Glaucoma affects more than 3 million people in the United States (60 million worldwide). And current predictions are that the number of people diagnosed with glaucoma will increase by as much as sixty percent by 2030. A frightening trend. It’s the leading cause of blindness for people over the age of sixty. And most forms of glaucoma have no warning signs, and the changes in vision can happen so gradually that it’s possible not to notice the condition until it’s in advanced stages.
Glaucoma is a reason to have regular eye exams. Vision loss due to glaucoma can never be recovered. And when glaucoma is caught in its early stages it can be properly treated and the vision lost can be slowed or even prevented entirely. Unfortunately, however, if you do develop glaucoma you’ll likely need to treat the condition indefinitely.
Glaucoma occurs because the optical nerve gets damaged. The damage to the nerve is thought to be caused by an increase in pressure in the eye. And as the nerve deteriorates, blind spots begin to develop. These blind spots may be unnoticeable at first, depending on the stage of the condition, and the blind spots can develop anywhere; both the peripheral (side) and central vision can be affected.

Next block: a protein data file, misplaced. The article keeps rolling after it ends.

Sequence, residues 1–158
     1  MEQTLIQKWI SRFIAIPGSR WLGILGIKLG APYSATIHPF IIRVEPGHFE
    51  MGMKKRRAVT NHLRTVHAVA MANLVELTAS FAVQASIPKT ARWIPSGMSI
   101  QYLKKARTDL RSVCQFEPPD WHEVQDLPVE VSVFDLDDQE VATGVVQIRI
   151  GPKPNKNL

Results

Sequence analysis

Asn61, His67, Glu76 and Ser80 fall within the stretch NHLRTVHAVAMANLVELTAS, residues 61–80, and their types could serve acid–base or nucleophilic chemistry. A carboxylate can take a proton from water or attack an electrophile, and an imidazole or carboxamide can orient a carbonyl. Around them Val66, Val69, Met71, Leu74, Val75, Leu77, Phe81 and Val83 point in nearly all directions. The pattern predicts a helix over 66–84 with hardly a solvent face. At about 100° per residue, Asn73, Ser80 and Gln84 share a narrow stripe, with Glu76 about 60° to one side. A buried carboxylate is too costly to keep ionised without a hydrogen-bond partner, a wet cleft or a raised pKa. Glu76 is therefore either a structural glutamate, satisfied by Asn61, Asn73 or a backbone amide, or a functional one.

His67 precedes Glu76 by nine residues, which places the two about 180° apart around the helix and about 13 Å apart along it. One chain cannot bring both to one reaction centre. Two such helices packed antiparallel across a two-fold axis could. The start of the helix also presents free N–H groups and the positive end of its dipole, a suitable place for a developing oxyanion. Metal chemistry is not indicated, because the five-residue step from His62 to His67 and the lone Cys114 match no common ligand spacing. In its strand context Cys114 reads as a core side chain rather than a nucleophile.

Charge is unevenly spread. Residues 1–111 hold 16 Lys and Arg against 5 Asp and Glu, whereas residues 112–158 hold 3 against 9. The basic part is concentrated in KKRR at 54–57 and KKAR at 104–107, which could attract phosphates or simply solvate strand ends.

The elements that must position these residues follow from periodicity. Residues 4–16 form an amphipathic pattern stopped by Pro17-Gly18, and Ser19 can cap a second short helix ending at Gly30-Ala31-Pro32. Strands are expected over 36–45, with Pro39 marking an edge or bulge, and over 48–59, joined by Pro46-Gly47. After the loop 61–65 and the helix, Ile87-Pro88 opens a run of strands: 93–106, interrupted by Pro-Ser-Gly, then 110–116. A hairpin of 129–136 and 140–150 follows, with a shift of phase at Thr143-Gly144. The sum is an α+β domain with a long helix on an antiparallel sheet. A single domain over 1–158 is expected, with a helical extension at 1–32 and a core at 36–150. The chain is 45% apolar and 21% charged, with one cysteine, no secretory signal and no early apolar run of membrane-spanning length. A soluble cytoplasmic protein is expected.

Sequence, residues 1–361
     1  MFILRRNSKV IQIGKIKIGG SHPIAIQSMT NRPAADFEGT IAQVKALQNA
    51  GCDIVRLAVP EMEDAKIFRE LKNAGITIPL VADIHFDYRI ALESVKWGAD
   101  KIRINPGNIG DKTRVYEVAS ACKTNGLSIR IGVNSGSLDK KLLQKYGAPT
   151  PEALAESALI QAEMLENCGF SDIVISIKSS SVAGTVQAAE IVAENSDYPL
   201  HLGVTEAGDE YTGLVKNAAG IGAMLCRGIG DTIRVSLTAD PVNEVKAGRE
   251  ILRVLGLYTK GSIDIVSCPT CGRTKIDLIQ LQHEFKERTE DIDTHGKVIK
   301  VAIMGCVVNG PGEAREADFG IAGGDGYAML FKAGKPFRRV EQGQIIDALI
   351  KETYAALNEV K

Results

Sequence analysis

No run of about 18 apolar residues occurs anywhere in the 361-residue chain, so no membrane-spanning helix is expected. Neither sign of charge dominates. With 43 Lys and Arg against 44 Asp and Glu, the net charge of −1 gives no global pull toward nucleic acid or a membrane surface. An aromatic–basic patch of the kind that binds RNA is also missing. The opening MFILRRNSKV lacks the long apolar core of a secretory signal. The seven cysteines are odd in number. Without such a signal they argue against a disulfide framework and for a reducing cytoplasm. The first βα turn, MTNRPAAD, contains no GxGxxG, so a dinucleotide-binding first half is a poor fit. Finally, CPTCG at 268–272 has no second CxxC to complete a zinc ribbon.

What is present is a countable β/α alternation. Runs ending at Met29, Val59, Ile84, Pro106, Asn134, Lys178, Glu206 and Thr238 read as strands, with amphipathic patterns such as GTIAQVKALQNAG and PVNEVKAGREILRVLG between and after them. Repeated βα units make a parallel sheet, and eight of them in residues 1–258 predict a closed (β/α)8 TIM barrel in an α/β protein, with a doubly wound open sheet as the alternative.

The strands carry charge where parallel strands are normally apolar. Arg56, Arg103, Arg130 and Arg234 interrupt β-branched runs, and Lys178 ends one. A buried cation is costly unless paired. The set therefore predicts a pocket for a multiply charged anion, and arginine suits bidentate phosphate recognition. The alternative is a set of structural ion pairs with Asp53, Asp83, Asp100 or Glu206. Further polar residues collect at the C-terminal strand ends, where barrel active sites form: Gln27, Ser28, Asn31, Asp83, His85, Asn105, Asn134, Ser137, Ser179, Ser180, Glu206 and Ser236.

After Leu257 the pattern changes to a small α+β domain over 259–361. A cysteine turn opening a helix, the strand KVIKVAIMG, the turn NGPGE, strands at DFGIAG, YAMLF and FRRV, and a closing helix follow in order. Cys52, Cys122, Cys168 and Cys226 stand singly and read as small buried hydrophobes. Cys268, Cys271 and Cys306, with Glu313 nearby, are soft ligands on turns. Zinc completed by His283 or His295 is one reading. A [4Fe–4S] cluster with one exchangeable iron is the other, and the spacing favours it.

Possible symptoms vary, although the most common are a moderate-to-severe headache, eye pain, nausea, blurred vision, eye redness, and halo vision around lights.
While you can’t prevent glaucoma entirely, there are a few ways to detect it in its earliest stages. One of the best ways is to understand your susceptibility to the disease; if you have a family history of glaucoma you could be at a higher risk for contracting it. Wear eye protection when you play sports or work around power tools, because damage to the eye can cause an increase in pressure, which can then lead to glaucoma. And perhaps most importantly, remember to schedule regular eye exams. If you are someone with a family history of the disease then you may want to schedule frequent exams. Call Vision Optical to schedule today!